Thursday, May 20, 2010

Teen TV and Movies

I recently watched some Molly Ringwald 80's teen movies (that I watched as an 80's teen). I was a little shocked. Actually a few books that I've read lately showed that drug and alcohol use in the early 80's was very high, and then lowered a good bit. I think that "just say 'no'" actually worked -- thank you, Nancy Reagan.

Anyway, we were discussing over dinner how explicit 16 Candles was (in parent-code, which probably isn't so secret) for a PG movie especially.

This must have been PG in the pre-PG-13 era. This movie had full front female nudity and many swear words, and of course all the sexual talk you might expect in a teen drama.

When Terry and I were talking about it at the dinner table, Kyle asked, "What's PG-13?" and the 11 1/2-year-old expert jumped in and said, "Those are movies that you can't see until you are 13."

I said, "Just so you know, you probably won't be seeing many PG-13 movies when you are 13," knowing that over the years PG-13's have moved even closer to the R spectrum.

Terry and I were in agreement without having talked about it specifically, "That will give you something to worry and complain about for the next year and a half," he added.

Pretty in Pink actually is rated PG-13, but didn't have any nudity and not nearly as many swear words.

Personally I like the Disney version of teendom. Zack and Cody get close to kissing the girl, but they never show it on screen. The issue of Lily and Oliver "coupling" has never come up on Hannah Montana. I know that's because these shows, while featuring teenagers, are really aimed at a tween audience (and watched by 6-year-olds, including -- ahem -- mine). But why can't movies show the clean side of being a teen? It is out there. In fact, a friend of mine was just saying that her high school senior was upset because so many people were drinking at Prom. She doesn't, and she doesn't associate with those who do. It's her choice, and there are many who make that choice.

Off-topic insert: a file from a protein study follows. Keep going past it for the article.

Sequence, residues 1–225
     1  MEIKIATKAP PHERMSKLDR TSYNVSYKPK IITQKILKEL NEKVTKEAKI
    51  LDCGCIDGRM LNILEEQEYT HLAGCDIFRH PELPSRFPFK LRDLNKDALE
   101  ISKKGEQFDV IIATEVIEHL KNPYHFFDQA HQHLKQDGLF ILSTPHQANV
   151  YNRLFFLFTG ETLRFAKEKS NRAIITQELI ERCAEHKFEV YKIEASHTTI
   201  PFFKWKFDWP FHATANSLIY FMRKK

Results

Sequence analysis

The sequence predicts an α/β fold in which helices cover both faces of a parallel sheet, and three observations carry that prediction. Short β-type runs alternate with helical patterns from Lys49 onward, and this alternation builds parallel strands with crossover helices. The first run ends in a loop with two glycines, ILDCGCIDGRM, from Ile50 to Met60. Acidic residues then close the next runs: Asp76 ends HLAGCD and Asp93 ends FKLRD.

My teen life was also more Disney-fied than John Hughesesque, but I still enjoyed watching the old Molly Ringwald movies (back then, and now). Check out my reviews at 5 Minutes for Books, and then read my Molly Ringwald interview at 5 Minutes for Mom and enter to win a copy of her new book Getting the Pretty Back.

What about you? Do movie ratings help you? Do you think that teen movies accurately portray teen behavior or provide a platform for discussing the issues that teens face? Do you/will you let your kids watch them?

6 comments:

Melissa @ Breath of Life said...

There's really not a lot of wholesome teen TV or movies anymore. Makes me glad my girl watches Food Network & Disney.

I never realized MR's movies weren't R. Surprising for that time, really.

Shelley said...

We've learned to be a little careful when sharing with our kids movies that were PG in the 80's. I've been talking about watching Sixteen Candles with my daughter, but I guess I've forgotten about a few things! I'll rethink that plan!

Fonda said...

I will never forget going to the video store and renting two movies for a rainy weekend when all the kids were still living at home...one rated 'PG' and the other rated 'R'. The family watched the 'PG' movie together and I was surprised by some of the storyline and how much innuendo the movie contained. After putting all the kids to bed, my husband and I watched the rated 'R' action/thriller. Afterwards, I commented that I wish we had watched the 'R' rated movie as a family instead of the "how far can we push it" rated 'PG' video. The R rating was there because of one or two intense scenes...but the overall story of good versus evil was much 'cleaner' in my opinion.

I learned to look at content and not just ratings. Great conversation for today, Jennifer.

Katrina @ Callapidder Days said...

We rarely watch anything over PG these days, specifically because of all the "junk" the stricter ratings tend to include. My tween knows that most PG-13 movies will still be off-limits when he turns 13. I think it's possible for movies to "accurately portray" teen behavior without being as explicit as they usually are. If movie-makers would do that -- leave out the explicit garbage, I'd be far more likely to use movies to discuss things with kids.

planetnomad said...

We pay attention to ratings, and have a rule that they can't watch PG-13 movies at friend's houses unless they call first (or unless it's pre-approved). My 13 y/o still likes Hannah Montana. I didn't let her start watching it till she was about 11, because I felt the themes (liking boys, dating, going to dances, etc) were too old for her until about then. I guess I'm hopelessly old-fashioned.

Amy said...

I've been thinking the same thing about YA novels, actually. It's somewhat unusual these days to read a recently-published novel without s** in it or lots of profanity. I truly don't get it because I know LOTS of teens whose behavior is different from that portrayed in these novels.

This is off topic, I know, but it's on my mind. :-)